Max Liebermann, Max Slevogt and Lovis Corinth are among the most important German Impressionists. With around 150 works, their drawings and prints form an important focal point in the graphic arts collection of the Kunsthalle Mannheim. This impressive collection of the three masters is also a testimony to the progressive and far-sighted collection and acquisition policy, especially of the director Fritz Wichert, who, after the foundation of the museum, paid special attention to the art of the French as well as the German Impressionists. The exhibition will not only feature depictions of people in the landscape, sketched with a light hand and often in nature, as well as Max Liebermann's depictions of genre, as well as Lovis Corinth's thematically wide-ranging picture series, but also the depictions of "The Magic Flute" by Max Slevogt, which are present in the collection both in the watercolor studies and in the etching cycle of the subject.
Curator: Dr. Thomas Köllhofer
Motifs and painting style
All three artists had to struggle for recognition over many years. Max Liebermann in particular was seen as a painter of the ugly, refusing the grand themes of the history painting and instead depicting women harvesting potatoes or factory workers. While Liebermann and Corinth clearly came from an outlook of realism and used the Impressionist style of painting to depict the subjects they had right in front of them, Slevogt painted and drew in an equally Impressionist manner, but found his motifs in the imaginative depiction of dramatic content of fairy tales, dramas or stories.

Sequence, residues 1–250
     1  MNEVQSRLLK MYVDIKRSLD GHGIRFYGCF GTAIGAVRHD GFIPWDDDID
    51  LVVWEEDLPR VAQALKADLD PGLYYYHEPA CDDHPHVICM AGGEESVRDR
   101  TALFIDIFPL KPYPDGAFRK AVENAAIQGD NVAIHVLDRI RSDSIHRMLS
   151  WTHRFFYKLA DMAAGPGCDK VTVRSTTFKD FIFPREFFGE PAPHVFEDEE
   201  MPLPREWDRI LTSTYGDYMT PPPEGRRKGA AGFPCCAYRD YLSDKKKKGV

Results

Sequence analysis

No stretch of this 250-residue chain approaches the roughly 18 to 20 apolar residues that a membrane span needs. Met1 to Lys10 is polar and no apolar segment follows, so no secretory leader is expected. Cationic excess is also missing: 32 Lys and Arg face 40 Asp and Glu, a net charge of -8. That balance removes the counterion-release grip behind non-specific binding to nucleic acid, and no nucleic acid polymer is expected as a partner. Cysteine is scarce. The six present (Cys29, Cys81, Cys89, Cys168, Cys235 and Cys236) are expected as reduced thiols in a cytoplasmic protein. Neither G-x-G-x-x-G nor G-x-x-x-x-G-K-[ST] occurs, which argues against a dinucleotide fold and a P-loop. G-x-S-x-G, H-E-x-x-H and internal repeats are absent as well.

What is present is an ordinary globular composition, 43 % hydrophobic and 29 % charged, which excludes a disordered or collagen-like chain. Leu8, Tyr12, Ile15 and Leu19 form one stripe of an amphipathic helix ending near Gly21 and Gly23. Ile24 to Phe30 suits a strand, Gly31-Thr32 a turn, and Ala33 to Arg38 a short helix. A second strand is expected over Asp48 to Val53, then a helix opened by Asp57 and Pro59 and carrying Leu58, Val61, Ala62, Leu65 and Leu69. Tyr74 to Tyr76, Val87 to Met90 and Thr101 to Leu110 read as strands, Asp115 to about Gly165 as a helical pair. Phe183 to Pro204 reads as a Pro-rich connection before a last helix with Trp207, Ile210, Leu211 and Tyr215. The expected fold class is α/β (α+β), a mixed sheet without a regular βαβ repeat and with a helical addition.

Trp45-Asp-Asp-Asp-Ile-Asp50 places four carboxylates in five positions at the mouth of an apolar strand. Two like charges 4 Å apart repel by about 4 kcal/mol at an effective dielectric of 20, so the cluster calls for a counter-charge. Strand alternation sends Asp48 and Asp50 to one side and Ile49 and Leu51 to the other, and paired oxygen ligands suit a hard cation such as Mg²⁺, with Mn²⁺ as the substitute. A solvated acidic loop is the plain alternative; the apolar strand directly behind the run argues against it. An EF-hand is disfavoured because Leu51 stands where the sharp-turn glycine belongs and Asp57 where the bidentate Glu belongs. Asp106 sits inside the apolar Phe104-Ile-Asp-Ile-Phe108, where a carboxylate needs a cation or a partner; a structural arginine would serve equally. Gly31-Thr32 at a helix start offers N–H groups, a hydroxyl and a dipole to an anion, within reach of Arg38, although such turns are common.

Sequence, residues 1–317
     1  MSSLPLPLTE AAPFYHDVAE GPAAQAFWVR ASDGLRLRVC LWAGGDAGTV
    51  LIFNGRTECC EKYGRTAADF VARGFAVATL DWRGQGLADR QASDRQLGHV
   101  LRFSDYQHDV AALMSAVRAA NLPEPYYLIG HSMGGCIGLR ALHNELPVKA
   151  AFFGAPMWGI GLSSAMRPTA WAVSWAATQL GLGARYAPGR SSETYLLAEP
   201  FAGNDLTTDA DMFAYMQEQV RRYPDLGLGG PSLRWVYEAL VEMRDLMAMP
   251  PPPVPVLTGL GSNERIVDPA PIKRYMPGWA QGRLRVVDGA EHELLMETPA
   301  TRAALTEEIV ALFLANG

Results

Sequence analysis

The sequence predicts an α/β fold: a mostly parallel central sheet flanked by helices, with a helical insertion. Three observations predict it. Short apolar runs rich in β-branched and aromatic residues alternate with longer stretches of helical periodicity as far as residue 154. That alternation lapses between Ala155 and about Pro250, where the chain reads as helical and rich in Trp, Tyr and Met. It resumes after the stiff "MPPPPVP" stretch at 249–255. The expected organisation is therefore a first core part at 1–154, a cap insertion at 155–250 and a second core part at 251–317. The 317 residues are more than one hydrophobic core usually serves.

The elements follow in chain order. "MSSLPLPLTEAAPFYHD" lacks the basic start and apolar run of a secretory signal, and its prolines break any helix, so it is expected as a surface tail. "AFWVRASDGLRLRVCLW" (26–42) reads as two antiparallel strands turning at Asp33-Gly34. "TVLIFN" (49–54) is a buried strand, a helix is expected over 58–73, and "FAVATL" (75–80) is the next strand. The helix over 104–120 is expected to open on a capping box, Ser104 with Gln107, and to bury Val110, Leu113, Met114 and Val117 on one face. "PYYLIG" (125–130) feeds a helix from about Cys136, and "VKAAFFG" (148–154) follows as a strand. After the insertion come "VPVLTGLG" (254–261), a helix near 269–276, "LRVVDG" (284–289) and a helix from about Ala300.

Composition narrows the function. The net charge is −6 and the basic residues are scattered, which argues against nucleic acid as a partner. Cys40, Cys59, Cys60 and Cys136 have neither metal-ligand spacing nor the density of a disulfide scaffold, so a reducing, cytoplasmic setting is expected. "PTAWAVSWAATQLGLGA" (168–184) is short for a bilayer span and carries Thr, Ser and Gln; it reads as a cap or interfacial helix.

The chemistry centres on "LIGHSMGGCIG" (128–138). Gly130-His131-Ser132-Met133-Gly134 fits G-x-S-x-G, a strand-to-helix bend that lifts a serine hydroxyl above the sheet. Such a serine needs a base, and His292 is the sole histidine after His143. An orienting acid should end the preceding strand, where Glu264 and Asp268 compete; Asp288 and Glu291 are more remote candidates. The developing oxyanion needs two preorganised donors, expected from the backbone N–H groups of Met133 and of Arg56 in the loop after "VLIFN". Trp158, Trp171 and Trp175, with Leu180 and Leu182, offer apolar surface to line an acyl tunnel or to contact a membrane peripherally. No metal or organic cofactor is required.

The exhibition will feature light-handed depictions of people in the landscape, often designed in nature, as well as Max Liebermann's depictions of genre. Also on view will be Lovis Corinth's thematically wide-ranging pictorial arc, as well as Max Slevogt's enchanting depictions of "Zauberflöte" (The Magic Flute). These are available in both watercolor studies and the etching cycle in the Kunsthalle's collection. Although the illustration of books is a central focus, especially in Slevogt's work, Corinth and Liebermann also dealt with the subject of illustration. The graphics table offers the opportunity to browse through the illustrations of these books.